10...dxe5  What else? Black grabs another pawn

11. Ba3 White is already down a pawn and he gives up another one to prevent Black from castling. Remember, the important thing in the Evans Gambit is to put pressure on your opponents position, even if that means giving up more material.

11...exd4 White responds with an important zwischenzug, Re1+. This move puts enormous pressure on Black's King and position. Even if Black doesn't capture on c3, White is still much better and can try maybe Qb3 or other ideas and Black's King is going to be under serious pressure.

Diagram Reference - 

The Evans Gambit Accepted; 5...Be7 -
5...Be7 This move is getting more popular, as it offers Black good scope to return the gambit pawn and reach equality (or at least get very close to equality), whereas the 5...Ba5 makes it easier for White to insist on playing for compensation for a pawn.A favourite move of Tim Harding's is 6.Qb3!? which attacks the f7-pawn immediately. (such as when Black played 5..Ba5) Although Black can get in the ...Na5 fork (of the queen on b3 and bishop on c4) White can force concessions in the black kingside by playing 6...Nh6 7.d4 Na5 8.Qb5 Nxc4 9.Bxh6. This line offers good practical chances, but it is flawed, because Black can play 9...gxh6 here and then follow up with ...Rg8, taking charge of the half-open g-file.  For example, 10.Qxc4 exd4 11.cxd4 Rg8 12.0-0 d5! 13.exd5 Bh3, as played in Asker-Tosti, Brazil 1998.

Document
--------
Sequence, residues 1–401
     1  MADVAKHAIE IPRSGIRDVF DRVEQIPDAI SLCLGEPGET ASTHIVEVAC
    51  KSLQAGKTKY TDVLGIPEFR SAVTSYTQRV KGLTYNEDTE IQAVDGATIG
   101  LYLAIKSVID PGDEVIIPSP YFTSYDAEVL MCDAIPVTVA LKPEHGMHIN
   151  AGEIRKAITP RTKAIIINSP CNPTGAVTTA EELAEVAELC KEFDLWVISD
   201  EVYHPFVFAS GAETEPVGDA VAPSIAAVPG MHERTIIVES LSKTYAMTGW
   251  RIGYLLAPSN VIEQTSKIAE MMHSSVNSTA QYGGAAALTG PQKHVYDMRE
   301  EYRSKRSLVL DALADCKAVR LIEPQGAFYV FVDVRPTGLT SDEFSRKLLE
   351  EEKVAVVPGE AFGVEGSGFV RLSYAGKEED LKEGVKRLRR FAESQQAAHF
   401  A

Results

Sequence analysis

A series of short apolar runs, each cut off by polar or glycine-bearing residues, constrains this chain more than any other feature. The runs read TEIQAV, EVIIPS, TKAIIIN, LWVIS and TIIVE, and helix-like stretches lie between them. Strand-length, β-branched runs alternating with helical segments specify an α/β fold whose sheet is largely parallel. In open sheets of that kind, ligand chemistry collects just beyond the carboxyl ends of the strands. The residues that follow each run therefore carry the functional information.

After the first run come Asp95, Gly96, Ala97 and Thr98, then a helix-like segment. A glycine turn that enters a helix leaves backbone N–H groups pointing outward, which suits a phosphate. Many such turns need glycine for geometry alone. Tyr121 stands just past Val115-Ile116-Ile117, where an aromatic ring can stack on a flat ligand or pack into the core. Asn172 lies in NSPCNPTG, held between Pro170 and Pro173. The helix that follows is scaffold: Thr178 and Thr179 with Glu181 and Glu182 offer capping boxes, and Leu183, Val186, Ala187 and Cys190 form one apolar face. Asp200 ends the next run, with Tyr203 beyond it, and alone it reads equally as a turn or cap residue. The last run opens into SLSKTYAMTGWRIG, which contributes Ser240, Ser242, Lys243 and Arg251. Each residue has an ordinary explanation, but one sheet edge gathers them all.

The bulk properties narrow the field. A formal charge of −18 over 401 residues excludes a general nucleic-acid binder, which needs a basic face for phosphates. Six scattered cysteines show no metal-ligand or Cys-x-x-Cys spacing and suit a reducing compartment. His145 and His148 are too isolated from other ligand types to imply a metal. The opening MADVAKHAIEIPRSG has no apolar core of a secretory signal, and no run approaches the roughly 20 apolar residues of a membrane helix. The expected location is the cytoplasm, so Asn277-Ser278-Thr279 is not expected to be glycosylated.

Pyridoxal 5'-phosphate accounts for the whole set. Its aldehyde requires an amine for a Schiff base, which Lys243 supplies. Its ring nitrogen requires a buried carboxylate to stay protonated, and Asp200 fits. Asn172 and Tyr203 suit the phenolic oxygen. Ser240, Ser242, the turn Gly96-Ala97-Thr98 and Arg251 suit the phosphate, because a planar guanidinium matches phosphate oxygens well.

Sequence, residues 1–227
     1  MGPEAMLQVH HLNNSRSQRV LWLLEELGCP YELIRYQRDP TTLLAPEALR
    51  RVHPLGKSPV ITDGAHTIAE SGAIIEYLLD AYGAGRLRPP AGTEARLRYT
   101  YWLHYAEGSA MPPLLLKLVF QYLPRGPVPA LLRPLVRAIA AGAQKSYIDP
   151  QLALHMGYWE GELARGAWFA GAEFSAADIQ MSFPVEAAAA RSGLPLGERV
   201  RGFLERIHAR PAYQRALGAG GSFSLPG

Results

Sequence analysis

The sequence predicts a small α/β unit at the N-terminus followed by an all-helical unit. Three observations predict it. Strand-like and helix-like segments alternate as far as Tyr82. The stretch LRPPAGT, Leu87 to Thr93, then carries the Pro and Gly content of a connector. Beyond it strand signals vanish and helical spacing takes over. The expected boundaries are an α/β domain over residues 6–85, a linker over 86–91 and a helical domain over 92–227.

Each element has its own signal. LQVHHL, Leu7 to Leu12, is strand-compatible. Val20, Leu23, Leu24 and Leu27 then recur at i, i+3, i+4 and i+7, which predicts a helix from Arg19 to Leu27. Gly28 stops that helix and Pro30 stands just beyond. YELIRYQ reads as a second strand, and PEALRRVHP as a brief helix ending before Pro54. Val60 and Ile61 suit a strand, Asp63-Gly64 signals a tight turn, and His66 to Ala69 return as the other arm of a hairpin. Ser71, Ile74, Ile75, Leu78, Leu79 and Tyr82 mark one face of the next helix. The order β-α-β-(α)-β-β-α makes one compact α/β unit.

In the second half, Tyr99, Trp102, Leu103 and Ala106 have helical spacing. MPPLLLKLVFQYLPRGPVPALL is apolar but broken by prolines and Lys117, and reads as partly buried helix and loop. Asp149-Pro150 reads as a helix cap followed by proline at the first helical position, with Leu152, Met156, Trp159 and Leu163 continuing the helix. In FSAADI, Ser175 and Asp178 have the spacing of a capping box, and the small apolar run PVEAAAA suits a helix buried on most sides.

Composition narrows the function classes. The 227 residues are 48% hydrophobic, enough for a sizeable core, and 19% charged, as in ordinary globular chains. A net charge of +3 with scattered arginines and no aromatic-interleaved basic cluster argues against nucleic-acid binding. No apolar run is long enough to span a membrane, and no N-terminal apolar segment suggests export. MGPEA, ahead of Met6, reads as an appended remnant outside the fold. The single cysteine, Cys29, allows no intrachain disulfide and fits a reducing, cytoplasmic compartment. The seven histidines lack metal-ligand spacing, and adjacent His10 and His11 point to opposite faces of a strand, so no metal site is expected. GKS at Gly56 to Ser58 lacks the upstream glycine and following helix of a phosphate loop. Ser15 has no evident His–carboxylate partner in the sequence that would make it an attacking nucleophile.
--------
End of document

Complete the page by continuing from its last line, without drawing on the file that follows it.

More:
6.d4 The main line
6...Na5 The traditional main line runs 7.Nxe5 Nxc4 8.Nxc4 d5 9.exd5 Qxd5 10.Ne3, where White has the better central control but Black has the bishop-pair.  Since this line is probably no better than equal for White, most grandmasters have experimented with alternatives in the last two decades.  Garry Kasparov tried 7.Be2 instead in the 1990s, whereupon Black should probably defend e5 with 7...d6 rather than allowing 7...exd4 8.Qxd4. 
7.Bd3 This is the move that grandmasters nowadays prefer which leads to roughly equal play after d6
7...d6 8.dxe5 dxe5
9.Nxe5.  The game Short-Bruzon Batista, Poikovsky Karpov 2012, then continued 9...Nf6, which I recommend here for Black